Tuesday, 8 December 2015

Trump: what he got right in calling for a ban on Muslims

There’s something special about Donald Trump, isn’t there?

He’s now come up with yet another in his series of cunning plans to solve the world’s problems. This one is to ban all Muslims from entering the United States. That suggests that the entire world Muslim community, a billion strong, has to be suspected of being hostile to the United States. Would that include, I wonder, the ones serving in the US army and risking their lives to fight the nation’s enemies?

He has the right to put his life on the line in a US uniform but,
if Trump gets his way, not to return to the US
Godwin’s Law states that any internet discussion that goes on long enough will eventually lead to someone being compared to Hitler. I try to avoid falling into that trap. But it has to be said that the most striking example of such targeting of an entire faith community in the past has to be the Nazi hatred against the Jews. Trump previously recommended registering Muslims, just as Hitler registered Jews. He has now said that he doesn’t know whether he might have supported Roosevelt’s internment of Japanese – including Japanese Americans – during World War 2, so the magic word “internment” has now been put out there. 

A register. A ban. Possibly internment. Where will this end?

The curious thing about Trump is that he’s extremely keen on the US Constitution. Well, on bits of it. Does he perhaps have trouble reading the rest? For instance, he’s keen on the Second Amendment, though only on some of the words: “The right of the people to keep and bear Arms shall not be infringed upon. Period,” he tells us, leaving out that annoying qualification at the beginning about “a well regulated Militia, being necessary to the security of a free State,” which somewhat limits the scope of the right.

Incidentally, there’s no “upon” at the end of the amendment. I guess if you’re quoting from memory…

Trump explains that the reason he’s keen on the amendment is that criminality in the US is rampant. He knows who to blame, too: “The Obama administration’s record on that is abysmal. Violent crime in cities like Baltimore, Chicago and many others is out of control.”

He presumably hasn’t managed to get as far as the tenth amendment: “The powers not delegated to the United States by the Constitution, nor prohibited by it to the States, are reserved to the States respectively, or to the people.” It’s odd, isn’t it? Usually right-wing politicians are really keen on limiting Federal powers, but it looks as though Trump would like to federalise law enforcement. Unfortunately – for him – the Constitution he likes so much doesn’t allow it. It does not assign that power to the Federal government so, as specified by the tenth amendment, it remains the responsibility of the states or the people. In Baltimore, for instance, the police Commissioner is nominated by the Mayor and confirmed by the Council.

Then again, Trump may not have noticed that Obama is President of the United States and not Mayor of Baltimore (or, indeed, Chicago though curiously that position is held by a former collaborator of Obama’s, Rahm Emmanuel. I mention only for amusement that Emmanuel is the model or Josh Lyman in The West Wing, a series which does appeal to the intellect as well as the emotions, so Trump may not have seen it).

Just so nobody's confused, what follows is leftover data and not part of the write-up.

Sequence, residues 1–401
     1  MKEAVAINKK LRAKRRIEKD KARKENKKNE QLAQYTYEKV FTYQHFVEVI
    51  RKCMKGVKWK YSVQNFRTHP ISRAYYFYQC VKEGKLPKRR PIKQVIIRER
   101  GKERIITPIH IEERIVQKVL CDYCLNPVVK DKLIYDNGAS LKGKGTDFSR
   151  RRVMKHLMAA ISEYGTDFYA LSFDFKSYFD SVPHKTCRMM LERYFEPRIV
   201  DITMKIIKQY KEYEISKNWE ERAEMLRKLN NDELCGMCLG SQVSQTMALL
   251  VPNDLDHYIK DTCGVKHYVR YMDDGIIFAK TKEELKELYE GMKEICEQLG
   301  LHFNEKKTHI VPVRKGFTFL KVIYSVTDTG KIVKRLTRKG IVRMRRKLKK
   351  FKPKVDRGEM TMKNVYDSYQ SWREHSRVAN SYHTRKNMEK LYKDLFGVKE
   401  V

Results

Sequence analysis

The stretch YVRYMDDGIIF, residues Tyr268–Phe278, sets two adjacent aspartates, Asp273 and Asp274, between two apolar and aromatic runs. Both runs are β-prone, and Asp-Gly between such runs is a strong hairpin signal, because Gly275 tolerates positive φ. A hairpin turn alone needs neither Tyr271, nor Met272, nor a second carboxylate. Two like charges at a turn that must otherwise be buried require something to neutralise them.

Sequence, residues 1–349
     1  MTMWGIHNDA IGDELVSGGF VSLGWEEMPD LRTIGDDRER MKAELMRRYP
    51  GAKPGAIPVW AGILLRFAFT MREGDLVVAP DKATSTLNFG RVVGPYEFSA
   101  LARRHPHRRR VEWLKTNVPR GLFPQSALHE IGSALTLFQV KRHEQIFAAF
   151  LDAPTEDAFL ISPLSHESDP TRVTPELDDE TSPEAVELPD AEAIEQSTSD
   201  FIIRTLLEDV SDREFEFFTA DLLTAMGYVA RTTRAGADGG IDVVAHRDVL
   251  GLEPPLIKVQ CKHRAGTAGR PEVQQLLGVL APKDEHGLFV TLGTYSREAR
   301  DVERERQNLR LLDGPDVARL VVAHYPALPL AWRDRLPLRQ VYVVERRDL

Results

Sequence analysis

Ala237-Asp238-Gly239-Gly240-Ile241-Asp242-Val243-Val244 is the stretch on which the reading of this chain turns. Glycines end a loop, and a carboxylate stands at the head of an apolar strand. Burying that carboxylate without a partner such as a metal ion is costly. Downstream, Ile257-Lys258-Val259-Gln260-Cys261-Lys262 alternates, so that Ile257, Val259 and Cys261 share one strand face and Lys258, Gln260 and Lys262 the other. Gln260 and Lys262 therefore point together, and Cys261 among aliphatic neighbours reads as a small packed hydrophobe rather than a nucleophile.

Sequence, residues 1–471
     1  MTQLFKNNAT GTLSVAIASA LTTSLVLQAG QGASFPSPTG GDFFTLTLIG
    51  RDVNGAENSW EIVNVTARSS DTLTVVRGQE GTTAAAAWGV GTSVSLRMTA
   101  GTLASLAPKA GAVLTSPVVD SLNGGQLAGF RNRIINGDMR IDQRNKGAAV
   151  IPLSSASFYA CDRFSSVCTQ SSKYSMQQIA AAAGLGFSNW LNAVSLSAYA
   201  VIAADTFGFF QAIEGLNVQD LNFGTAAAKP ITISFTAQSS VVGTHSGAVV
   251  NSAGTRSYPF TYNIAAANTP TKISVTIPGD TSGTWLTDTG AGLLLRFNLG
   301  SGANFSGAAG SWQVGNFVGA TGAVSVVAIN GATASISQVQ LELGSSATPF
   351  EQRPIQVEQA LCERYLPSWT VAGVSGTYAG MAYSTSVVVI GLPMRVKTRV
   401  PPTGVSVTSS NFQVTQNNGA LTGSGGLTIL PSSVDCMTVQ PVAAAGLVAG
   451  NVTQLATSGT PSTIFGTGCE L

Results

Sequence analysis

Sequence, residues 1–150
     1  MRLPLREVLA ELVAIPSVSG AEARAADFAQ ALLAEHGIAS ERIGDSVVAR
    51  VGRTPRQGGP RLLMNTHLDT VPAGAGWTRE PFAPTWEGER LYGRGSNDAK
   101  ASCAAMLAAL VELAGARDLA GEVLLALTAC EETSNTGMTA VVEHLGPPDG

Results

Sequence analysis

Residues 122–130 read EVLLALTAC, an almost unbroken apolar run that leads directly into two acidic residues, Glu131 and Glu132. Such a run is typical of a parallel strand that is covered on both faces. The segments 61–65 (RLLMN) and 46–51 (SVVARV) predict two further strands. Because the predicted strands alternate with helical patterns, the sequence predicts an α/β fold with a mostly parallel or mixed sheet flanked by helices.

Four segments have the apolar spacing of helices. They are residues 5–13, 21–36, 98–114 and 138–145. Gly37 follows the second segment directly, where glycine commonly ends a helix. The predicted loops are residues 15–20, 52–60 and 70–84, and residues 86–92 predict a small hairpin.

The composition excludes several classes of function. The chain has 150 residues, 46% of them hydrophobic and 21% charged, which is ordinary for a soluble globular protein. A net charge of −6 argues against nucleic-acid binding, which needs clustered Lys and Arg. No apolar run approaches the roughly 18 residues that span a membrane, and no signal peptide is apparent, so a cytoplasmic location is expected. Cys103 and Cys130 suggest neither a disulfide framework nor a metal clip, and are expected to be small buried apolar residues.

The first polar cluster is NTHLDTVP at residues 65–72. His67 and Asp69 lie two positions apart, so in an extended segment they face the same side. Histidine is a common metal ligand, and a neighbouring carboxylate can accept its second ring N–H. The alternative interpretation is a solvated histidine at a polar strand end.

But if Trump hasn’t managed to get from the second amendment to the tenth, it’s possible that he skipped over the first as well. Among other things, it denies Congress the power to prohibit the free exercise of religion. To avoid any kind of debate on technicalities, I should say that the Supreme Court has ruled that the provisions of the fourteenth amendment also mean that State governments can’t take action to prevent free religious practice either.

Most interestingly, in the case of Wisconsin v. Yoder, the Supreme Court extended the definition of “prohibition” in this context. It now includes any regulation which, though on the face of it neutral, “unduly burdens the free exercise of religion.” It may just be me, but I can’t help feeling that the practice of Islam is unduly burdened if the faithful are prevented from returning to the US if they ever go abroad.

Still, Trump may not have got as far as thinking through those implications yet. I offer up these musings to him, so that he can repair that omission as soon as possible. I can imagine just how urgent that task will seem to him.

By now you may be wondering why the title of this piece suggests that Trump may have got something right in his speech announcing the policy of banning Muslims. So Id better explain. I was thinking of this passage:

“…people are fed up – they are fed up with incompetence, they are fed up with stupid leaders, they are fed up with stupid people.”

That struck me as true. I know a lot of us are fed up with stupid people trying to position themselves as leaders.

Sadly, however, on reflection I suspect Trump may be wrong on this score too. I suspect there are a lot of people out there who, far from being fed up with stupid leaders, are only too keen to rally behind one. I hope they’re not a majority, but who can tell?

I also suspect that Trump knows that. Indeed, he must be counting on it. After all, unless he believes that enough people want another stupid leader, why would he ever run for office?

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